Love & Personal Relationships

(revised!) 3500 words. Followed by "Caritas Deus non est"

> PDF, large font for easy reading on mobile devices or raad html below

It will not be disputed that our sense of identity, of who we are, is, in part at least, constituted by the relationships we have with other individuals, and that our potential for happiness is a function of how those relationships fare. One aspect moreover that is crucial for people in their relationships, that is indeed the measure for the importance of other matters, is the way they actually feel towards each other, including their perception of the attitude the other has towards them.

In other words, to flourish, a personal relationship must be a community of affection.

Now there are two key concepts implied here: those of a degree of reciprocity and of a degree of love.

How much reciprocity, and, first, what exactly is involved in love?

Affection, Caring and Attachment

A first thought might be to equate love only with a variety of feeling. In some colloquial contexts, the words are indeed used almost interchangeably: to have feelings for someone is to harbour love, at least of a kind.

One problem with classifying love as a feeling is that feeling can be so very unreliable, while love, to count as love, requires a considerable persistence over time.

Further reflection soon shows that love is never a single, solitary feeling, but that a whole pattern of emotions is involved. Love may show itself, for example, in anxiety about someone or in missing them, as well as in the sentiment of affection. Nor are these feelings (or any feelings) uninterruptedly present in the consciousness.[i]

More telling, though, than these somewhat introspective observations, is our objective assessment of the situation where someone else attests to feeling love. Sometimes we may take their word for it, but usually we will also have close regard to the way they act.

Might love be equated then solely with a pattern of action? No, because this supposition would make affection superfluous to the existence of love. Caring action on its own is not enough for us to say there is love, though it may often be an excellent indicator. Someone may for instance care, i.e. perform the actions of care, out of a sense of duty. Think of a nurse, or else of a dutiful husband who no longer feels anything for his wife.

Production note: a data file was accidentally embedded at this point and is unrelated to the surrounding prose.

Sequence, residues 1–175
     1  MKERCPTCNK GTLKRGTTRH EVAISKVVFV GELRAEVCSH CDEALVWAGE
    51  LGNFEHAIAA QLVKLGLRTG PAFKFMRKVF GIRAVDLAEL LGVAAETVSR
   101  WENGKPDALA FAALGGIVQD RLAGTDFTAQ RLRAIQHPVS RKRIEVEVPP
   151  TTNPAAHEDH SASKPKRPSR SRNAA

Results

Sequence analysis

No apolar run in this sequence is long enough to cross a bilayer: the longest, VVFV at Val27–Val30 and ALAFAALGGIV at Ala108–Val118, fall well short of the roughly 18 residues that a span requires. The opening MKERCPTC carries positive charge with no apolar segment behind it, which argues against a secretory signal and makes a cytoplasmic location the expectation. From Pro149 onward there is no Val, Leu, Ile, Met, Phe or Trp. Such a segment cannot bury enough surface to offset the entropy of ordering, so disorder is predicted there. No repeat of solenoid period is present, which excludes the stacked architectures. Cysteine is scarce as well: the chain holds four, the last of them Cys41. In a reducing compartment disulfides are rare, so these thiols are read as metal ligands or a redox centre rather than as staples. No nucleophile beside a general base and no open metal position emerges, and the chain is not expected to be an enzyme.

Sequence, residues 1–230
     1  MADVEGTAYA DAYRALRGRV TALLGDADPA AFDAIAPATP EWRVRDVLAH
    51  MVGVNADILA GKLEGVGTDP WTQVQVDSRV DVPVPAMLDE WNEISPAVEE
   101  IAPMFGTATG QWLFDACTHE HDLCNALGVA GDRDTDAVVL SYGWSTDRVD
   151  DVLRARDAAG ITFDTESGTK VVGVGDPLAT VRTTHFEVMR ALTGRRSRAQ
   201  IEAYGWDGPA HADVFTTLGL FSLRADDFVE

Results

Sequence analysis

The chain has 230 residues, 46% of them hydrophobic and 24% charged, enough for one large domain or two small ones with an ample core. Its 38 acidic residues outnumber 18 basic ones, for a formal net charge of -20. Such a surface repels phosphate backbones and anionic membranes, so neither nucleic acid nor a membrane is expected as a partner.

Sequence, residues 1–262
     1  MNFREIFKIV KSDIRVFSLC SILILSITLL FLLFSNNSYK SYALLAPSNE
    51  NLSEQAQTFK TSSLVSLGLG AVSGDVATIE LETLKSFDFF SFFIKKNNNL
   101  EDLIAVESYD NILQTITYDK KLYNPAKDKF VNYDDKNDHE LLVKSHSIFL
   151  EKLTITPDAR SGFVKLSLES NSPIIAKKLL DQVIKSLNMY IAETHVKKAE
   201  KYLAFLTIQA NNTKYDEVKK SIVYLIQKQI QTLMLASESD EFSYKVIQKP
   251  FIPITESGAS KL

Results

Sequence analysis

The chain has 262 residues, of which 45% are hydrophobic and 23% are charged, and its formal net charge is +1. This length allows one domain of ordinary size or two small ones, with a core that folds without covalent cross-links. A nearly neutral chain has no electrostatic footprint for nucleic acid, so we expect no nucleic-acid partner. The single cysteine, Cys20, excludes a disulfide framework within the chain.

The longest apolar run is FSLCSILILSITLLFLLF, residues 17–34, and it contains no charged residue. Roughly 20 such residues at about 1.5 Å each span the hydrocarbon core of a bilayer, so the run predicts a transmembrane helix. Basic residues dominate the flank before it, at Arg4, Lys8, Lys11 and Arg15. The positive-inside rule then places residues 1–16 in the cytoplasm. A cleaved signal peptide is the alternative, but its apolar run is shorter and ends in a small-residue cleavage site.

In summary, love can be said neither to be simply a pattern of feeling, nor a pattern of action. A working metaphor is to see it as an undercurrent which sometimes manifests itself in feelings of various kinds, especially the sentiment of affection, and sometimes in actions.[ii]

For our next step, let me introduce a notion of what I shall call bonding, although the alternative terms “attachment” and “focus” would not be far off the mark; (there are subtle differences, which will become apparent by substituting in the following one or both of these words for “bond”).

Let us say that bonding is the way in which an individual's sense of self involves the thought of a person or persons to whom he or she relates. Now it is arguably the case that our sense of self is always associated with perceptions of others, and in their absence, with thoughts of others (including often thoughts of their perception of ourselves). This means that even the hermit will engage in some kind of imagined dialogue with others, although these may be only remembered or else composite or fictional persons. Bonding goes beyond this minimal orientation on others through the fixity of the persons in mind. That is, we do not quickly or easily stop thinking periodically about the particular persons we are attached to, if only because we think of ourselves via those persons. They will change with time, but the change is necessarily gradual. The process of bonding, i.e. the process through which someone acquires this status for us, may also be assumed to be gradual.

Note that this concept of bonding does not yet involve mutuality or reciprocity. It is not necessarily the case that we play a similar role or a similarly important role for the persons we bond to.

The existence of a relationship, and therefore the existence of a bond, does not necessarily mean that there is love exactly. Conversely, the existence of individual love does not necessarily mean that there is a relationship, although there must be a bond in at least one direction; (think of cases of estrangement). This is because a relationship is necessarily mutual; it is observable and involves exchanges of various kinds and does not exist “only in the mind” whereas a bond might well exist “only in the mind” (though it must have a great deal more fixity than a figment of the imagination, a bond involving recurrent thought of the other individual concerned).